Grey Water Re-Use – Your Plants Will Love It.


You’ve decided you want to grow your own fruits and vegetables, or maybe you want to try your hand at growinng flowers and other ornamental plants. You know that gardens need regular watering, but you’re concerned about limited rainfall, restricted water usage, or a desire to keep the water bill down. Maybe you are simply conservation minded and want to extend resources as far as they will go. In any case, using gray water is a practical solution.

Grey water refers to the water drained from your bathtub, bathroom sink, and washing machine. It does not include water from your toilet, dishwasher or kitchen sink. Sometimes also called twice-used water, gray water can be recycled to irrigate your lawn and garden.

So how do you collect and use gray water? You can collect grey water by using buckets or a simple garden hose. You can attach the hose to the drain hose of your washer and run it outside to your garden through an open window. You can also carry buckets from your cooled bath water out to your garden. Removing the drain trap from your bathroom sink, and placing a bucket beneath is another way to collect grey water. Just remember to replace the drain trap when you are finished. There are other, more complicated ways to create a grey water irrigation system, which includes some re-plumbing of your house and health inspections. You can find out more about those options by contacting your local health department.

Once you decide how you are going to collect it, you’ll need to figure out how much grey water you need. A half gallon per square foot per week should be plenty. That means, if your garden is 16 square feet, it will need about eight gallons of water per week. Because of the contaminants in the water, such as hair, soap, etc., you don’t really want to store grey water. Therefore, any remaining grey water needs to be disposed of properly. In other words, send it down the drain. If your soil does not drain well, which means water has a tendency to pool on the surface of the soil instead of soaking in, you will want to use less water.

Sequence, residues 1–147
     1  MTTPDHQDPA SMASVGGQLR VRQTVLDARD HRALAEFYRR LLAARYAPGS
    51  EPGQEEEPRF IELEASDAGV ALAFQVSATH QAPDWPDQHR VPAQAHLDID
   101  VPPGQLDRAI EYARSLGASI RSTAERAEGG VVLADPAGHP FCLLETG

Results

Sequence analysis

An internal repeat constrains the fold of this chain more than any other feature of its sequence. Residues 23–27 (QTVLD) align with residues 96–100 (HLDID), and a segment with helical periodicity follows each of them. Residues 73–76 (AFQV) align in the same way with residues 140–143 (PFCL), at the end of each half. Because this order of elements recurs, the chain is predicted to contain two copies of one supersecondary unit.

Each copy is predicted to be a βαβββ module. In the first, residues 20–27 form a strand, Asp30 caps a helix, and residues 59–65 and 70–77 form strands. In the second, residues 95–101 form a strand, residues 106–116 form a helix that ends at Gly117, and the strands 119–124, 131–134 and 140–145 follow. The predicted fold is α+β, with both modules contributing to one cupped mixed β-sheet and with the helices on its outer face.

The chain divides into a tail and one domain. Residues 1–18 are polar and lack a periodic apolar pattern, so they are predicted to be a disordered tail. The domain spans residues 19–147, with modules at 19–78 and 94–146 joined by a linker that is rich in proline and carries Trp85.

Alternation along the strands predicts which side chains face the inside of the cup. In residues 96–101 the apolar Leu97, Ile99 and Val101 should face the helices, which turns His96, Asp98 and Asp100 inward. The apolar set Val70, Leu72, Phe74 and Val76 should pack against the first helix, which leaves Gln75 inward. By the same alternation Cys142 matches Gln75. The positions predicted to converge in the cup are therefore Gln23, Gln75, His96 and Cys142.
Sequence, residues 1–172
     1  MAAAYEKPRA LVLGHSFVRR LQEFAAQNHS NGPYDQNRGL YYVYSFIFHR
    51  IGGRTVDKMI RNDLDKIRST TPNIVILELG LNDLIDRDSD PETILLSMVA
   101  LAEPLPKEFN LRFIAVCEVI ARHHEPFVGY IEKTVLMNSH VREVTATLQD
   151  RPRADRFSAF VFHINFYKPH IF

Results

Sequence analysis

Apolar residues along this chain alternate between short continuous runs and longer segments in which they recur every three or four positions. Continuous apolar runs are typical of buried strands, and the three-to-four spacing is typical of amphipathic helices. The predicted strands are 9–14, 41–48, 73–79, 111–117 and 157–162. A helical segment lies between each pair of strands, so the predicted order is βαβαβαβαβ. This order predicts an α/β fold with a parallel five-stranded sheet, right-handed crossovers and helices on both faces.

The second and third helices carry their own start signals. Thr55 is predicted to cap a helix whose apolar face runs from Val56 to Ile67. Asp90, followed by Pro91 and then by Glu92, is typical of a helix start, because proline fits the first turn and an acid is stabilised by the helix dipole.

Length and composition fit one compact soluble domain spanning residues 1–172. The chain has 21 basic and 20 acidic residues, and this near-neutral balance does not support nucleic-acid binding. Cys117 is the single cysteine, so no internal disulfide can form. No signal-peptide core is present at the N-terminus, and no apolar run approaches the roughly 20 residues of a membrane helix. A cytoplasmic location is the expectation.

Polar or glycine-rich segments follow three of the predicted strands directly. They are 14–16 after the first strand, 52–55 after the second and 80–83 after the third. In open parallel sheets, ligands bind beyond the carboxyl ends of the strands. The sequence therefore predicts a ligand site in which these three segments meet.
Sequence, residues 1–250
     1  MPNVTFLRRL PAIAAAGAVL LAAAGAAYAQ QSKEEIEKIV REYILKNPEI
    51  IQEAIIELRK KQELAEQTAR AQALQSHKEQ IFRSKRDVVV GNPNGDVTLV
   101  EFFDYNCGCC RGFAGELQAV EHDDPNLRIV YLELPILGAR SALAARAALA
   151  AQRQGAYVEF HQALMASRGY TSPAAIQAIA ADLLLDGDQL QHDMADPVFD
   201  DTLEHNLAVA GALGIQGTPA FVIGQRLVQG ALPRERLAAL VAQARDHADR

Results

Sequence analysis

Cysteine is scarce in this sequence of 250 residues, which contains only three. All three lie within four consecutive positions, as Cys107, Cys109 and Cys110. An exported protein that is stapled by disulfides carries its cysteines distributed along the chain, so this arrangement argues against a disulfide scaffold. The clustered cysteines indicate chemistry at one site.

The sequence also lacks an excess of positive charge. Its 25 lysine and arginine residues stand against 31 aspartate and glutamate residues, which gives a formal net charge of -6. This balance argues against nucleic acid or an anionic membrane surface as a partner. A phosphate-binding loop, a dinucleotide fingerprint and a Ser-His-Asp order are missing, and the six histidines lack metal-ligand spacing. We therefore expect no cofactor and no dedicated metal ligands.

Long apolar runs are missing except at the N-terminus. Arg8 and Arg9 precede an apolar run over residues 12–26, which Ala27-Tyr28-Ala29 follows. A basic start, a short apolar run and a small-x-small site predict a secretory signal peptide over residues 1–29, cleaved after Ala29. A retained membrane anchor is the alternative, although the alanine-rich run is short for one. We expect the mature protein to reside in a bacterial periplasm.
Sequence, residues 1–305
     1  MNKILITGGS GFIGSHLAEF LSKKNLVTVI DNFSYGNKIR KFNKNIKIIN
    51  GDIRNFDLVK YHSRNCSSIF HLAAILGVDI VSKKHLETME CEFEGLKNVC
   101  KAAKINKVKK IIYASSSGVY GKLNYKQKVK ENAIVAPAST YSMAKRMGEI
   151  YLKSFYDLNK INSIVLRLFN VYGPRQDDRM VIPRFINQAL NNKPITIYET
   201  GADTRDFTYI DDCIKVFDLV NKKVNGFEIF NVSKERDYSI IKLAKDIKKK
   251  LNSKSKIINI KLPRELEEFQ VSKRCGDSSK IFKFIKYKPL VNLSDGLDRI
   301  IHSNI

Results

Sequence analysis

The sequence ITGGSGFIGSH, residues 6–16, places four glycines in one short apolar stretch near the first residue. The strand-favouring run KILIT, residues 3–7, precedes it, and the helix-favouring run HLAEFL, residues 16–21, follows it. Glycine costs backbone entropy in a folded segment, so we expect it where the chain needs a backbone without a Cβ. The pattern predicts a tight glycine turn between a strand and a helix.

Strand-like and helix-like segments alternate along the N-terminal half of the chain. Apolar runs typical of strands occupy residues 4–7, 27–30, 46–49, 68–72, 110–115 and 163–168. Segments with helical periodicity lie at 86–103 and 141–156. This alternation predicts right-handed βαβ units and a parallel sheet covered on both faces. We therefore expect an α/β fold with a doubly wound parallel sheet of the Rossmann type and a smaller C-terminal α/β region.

Make sure the water is only applied to the soil surrounding the plants, not the plants themselves. You also need to pay attention to the kinds of cleaning agents that go into the water, such as laundry soaps and other household cleansers. Do not use laundry detergent that includes boron because it is poisonous to plants. In addition, watch for detergents with added softener because they often use sodium-based materials. Too much sodium can cause a pH imbalance in the ground, which is unhealthy for plants as well. On the other hand, plants love the phosphates that are often found in laundry detergents. Use ammonia based cleaning products as opposed to chlorine. To make sure your soil doesn’t get a chemical overload, you may want to alternate grey water use with fresh water or use what fresh water is available on edible plants, and reserve the grey water for ornamental plants, such as flowers and shrubs.

If you enjoy gardening, but are concerned about the amount of water you need to care for your plants, try using grey water. Collecting and using it is relatively simple, you will save money, and natural resources and your plants will love you for it.

This post was written by

jasonjason – who has written posts on Home Tips Plus.
I'm a father of three, married and a home owner since 2006. I've worked in fixing up homes and rental properties.

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